The Lady with the Dog

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What it’s about: The Lady with the Dog is the story of an affair between two unhappily married people, Dmitri, who is somewhat older, and Anna. They meet while vacationing in Yalta without their respective spouses. When there time in Yalta comes to an end, they go their separate ways, each believing their time together has likewise come to an end. Dmitri, however, finds himself unable to forget Anna. Haunted by her memory and driven to escape his otherwise dreary life, he goes to some length to see her again, and the affair resumes.

What I like about it: First, who doesn’t like a well-told story of true love that, for whatever reason, simply wasn’t meant to be? Dmitri’s reference to Tristan and Isolde serves as a reminder that this plot is nothing new. My particular high-water mark for this plot device is Brief Encounter, the 1945 film by Noel Coward, and while this film isn’t quite as good as that, it comes pretty darn close. Oddly, although The Lady with the Dog actually post-dates Coward’s work by fifteen years, it seems the earlier work of the two. No doubt, in part, this owes to the earlier setting. If the possibility of divorce and shame of infidelity were difficult in pre-war England, they were positively unthinkable in 19th century Russia, and unlike the lovers from Brief Encounter, Dmitri and Anna are not going to find any happiness at home either. It’s very Russian in that regard. Even their happy moments together are tinged with a melancholic presentiment of departure. Also making it seem more dated are some of the scenes with Anna that have a very silent-era feel to them. They’re done well though and lend a poetic sensibility rather than an anachronistic one.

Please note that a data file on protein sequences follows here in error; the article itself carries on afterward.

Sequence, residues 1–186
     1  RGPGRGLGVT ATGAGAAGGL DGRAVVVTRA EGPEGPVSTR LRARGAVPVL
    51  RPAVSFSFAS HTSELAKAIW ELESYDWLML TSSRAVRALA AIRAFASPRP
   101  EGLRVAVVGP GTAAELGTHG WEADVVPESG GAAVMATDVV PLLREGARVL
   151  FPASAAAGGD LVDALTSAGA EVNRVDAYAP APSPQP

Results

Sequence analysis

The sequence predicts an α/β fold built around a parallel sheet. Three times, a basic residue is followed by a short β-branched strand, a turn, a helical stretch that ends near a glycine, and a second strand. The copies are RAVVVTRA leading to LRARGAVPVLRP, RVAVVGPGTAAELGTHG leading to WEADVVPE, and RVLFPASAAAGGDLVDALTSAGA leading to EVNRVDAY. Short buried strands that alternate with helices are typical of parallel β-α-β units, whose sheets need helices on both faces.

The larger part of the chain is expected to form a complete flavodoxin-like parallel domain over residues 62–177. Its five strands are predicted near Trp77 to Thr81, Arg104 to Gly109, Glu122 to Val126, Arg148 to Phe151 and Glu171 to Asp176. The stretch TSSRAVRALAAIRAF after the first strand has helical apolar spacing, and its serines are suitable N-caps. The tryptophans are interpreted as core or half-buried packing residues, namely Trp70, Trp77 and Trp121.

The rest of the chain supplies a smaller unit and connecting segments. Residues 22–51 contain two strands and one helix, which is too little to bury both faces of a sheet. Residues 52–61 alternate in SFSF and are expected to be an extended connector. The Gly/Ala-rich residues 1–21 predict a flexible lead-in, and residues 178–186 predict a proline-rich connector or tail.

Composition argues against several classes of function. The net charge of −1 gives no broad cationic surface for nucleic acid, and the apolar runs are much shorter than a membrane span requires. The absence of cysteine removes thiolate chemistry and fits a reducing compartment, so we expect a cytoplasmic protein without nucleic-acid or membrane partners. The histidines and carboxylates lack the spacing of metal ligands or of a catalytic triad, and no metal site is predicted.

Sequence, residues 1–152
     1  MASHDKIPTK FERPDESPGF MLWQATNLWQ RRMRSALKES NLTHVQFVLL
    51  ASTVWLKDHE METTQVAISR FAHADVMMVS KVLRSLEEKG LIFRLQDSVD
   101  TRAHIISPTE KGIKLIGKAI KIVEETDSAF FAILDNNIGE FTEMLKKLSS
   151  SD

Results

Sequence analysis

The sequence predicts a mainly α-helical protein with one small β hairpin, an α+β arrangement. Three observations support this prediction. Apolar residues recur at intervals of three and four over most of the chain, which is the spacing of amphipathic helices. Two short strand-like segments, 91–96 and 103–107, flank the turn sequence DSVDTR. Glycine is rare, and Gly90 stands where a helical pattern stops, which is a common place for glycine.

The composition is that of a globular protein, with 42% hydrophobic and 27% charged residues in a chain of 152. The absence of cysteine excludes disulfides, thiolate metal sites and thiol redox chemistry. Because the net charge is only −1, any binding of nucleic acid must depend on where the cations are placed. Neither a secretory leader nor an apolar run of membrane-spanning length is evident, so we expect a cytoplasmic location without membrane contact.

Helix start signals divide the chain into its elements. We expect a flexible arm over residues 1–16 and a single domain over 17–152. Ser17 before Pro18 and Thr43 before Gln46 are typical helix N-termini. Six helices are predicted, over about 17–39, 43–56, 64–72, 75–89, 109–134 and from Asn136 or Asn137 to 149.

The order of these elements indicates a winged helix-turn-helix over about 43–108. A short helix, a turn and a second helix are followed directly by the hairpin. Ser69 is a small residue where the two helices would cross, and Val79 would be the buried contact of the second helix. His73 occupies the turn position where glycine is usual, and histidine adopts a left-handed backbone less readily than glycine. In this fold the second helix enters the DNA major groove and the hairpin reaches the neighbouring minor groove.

Second, although simply and straightforwardly told, it’s done very artfully.  Several motifs, such as acts of charity and gloves from a lady’s hand are repeated throughout the film.  Whether this is simply to build characterization or to function symbolically, I don’t know, but it certainly adds to the film’s overall interest.

Third, the cinematography is gorgeous.  The shots are composed beautifully, and many scenes could stand as works of art in themselves. I can’t believe the film hasn’t been chosen for inclusion in the Criterion Collection based on the strength of the cinematography alone.

And finally, I love the ending. Ikiru and Lost in Translation are the only films I can think of with endings that are as poetic, and speaking of the end of Lost in Translation, it clearly owes a debt to the final conversation between the two lovers in this film.

Who will like it?  Fans of Chekhov, fans of cinematography, and hopeless romantics. I would call it and understated melodrama, and, yes, I know those terms don’t make any sense together, but watch it, and you’ll see what I mean.


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